So, what's all this "Ninth Art" business? This article from ArtsEditor begins with a pretty good summary of roots of the expression, but essentially it was film critic Claude Beylie's term for comics in an expansion of film theorist Ricciotto Canudo's list of The Seven Arts: architecture, sculpture, painting, music, poetry, dance, and cinema. (Beylie added number eight, television, as well as number nine, comics.)
This isn't the first outlet to use the term in its name. This so-named journal was around for five years, and this German (?) site about super-heroes uses the designation, which is apparently quite common is Europe, in its address.
For my own part, the name change represents a break from my previous comics blogging, both at the Recreation Annex and more recently as a category on my keystone blog. In those venues, I rambled about whatever aspects of comics caught my fancy, played the snark-game a little, revelled in my silver-age memories, and generally made a mash of things.
Here, I want to be a little more intentional. As I continue my more-and-more scholarly study of comics, comic books, graphic novels, or what-have-you, I am drawn primarily to formal analyses of comics and secondarily to inquiries into comics as a social construct. I have less interest in aesthetics, literary criticism, genre histories, fandom, or biographies; I have a great interest in using comics in the college classroom. I hope to contribute some small efforts here that will help fill the same shelf currently being stocked so well by Matt Madden and Derek Badman.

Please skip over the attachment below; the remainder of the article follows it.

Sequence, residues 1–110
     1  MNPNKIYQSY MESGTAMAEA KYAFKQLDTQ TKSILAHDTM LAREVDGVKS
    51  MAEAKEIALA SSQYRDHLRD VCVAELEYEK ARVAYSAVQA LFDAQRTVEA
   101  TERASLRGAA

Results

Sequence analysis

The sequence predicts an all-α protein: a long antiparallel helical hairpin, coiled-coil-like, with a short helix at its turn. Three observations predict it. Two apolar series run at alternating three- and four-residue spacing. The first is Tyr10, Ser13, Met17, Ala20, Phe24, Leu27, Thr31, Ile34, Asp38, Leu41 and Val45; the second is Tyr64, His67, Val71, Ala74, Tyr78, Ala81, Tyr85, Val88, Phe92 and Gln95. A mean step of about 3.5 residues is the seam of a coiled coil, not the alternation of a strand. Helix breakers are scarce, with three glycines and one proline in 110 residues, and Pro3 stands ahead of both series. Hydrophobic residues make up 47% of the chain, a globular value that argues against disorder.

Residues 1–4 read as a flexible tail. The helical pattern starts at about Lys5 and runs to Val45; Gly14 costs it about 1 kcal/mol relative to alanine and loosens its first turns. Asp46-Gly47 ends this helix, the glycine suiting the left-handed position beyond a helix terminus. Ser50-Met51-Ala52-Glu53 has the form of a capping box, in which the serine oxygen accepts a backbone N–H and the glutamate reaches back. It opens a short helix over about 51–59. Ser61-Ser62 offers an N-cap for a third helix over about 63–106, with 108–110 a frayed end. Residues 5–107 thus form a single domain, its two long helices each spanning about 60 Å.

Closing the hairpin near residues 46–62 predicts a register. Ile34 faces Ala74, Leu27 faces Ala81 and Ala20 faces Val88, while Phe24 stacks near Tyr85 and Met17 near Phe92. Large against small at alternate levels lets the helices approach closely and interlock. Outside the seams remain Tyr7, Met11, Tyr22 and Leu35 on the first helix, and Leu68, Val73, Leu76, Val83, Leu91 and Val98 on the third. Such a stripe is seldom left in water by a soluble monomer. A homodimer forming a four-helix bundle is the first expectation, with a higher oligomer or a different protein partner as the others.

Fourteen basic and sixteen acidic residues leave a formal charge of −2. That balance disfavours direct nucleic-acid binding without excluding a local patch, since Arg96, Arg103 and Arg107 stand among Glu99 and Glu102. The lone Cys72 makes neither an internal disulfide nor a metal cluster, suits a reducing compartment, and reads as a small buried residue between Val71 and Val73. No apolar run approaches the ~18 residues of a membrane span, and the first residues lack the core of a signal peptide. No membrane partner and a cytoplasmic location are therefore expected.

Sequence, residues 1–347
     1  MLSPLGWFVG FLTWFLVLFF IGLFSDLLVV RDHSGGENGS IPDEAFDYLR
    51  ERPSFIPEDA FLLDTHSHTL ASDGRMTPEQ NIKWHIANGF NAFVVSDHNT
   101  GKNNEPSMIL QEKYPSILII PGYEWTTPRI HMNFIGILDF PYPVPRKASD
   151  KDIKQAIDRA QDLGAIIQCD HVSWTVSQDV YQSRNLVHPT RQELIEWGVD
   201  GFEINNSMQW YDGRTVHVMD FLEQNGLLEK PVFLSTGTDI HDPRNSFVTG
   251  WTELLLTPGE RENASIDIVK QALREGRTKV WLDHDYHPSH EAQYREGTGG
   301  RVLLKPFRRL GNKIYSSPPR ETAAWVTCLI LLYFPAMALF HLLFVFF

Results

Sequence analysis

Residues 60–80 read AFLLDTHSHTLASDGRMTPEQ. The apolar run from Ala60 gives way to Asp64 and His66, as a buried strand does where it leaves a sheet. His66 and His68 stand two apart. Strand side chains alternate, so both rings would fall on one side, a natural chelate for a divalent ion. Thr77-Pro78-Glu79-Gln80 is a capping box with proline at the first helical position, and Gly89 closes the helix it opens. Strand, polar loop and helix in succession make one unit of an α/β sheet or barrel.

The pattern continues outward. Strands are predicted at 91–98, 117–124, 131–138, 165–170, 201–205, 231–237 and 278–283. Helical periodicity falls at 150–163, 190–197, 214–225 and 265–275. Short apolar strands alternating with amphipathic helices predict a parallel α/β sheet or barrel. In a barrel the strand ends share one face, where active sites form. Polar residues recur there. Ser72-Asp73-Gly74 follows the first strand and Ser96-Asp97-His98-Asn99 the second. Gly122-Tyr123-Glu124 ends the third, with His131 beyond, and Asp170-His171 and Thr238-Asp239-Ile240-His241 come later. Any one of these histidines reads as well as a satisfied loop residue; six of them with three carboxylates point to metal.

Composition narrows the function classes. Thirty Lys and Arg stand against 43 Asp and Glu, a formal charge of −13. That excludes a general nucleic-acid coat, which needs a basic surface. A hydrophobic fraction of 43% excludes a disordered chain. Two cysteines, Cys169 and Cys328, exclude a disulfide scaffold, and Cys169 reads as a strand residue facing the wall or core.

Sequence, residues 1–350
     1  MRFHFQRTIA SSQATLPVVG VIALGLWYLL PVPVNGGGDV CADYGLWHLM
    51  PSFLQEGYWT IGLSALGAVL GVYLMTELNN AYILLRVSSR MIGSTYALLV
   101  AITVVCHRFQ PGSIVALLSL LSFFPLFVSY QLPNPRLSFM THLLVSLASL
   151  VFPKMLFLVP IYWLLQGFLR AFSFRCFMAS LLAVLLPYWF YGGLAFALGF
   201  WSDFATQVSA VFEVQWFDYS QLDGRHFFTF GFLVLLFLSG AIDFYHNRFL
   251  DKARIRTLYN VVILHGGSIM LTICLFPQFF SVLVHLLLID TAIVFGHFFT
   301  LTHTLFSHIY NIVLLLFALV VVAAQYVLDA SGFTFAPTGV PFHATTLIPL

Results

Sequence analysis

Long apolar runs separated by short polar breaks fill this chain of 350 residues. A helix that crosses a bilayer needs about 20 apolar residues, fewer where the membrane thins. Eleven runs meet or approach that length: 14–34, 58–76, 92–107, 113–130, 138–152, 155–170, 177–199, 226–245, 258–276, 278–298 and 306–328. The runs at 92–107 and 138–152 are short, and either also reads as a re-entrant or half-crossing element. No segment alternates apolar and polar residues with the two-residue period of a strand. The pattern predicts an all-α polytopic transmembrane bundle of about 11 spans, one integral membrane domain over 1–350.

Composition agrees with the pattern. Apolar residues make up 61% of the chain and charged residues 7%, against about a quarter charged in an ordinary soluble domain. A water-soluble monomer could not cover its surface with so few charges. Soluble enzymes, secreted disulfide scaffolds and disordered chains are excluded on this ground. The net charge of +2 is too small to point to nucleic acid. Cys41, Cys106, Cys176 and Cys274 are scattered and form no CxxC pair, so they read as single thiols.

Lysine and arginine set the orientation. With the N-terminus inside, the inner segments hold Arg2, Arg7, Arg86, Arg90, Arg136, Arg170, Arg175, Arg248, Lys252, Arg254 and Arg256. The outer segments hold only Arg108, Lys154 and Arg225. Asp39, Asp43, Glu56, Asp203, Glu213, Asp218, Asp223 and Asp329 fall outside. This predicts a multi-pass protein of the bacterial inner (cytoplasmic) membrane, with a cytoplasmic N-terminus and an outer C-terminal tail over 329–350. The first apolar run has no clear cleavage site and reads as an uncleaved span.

In that spirit of advancement, I will be spending the next week as a student in the Graphic Novel Intensive class at the Pacific Northwest College of Art. I am particularly thrilled because the class is being co-taught by Ellen Forney, but regardless, I am looking forward to six days full of comics, theory and practice. (Dig this syllabus (PDF).)
So, this minifesto is just to get the air circulating in here; I'll be back in a week or so with a report on the class.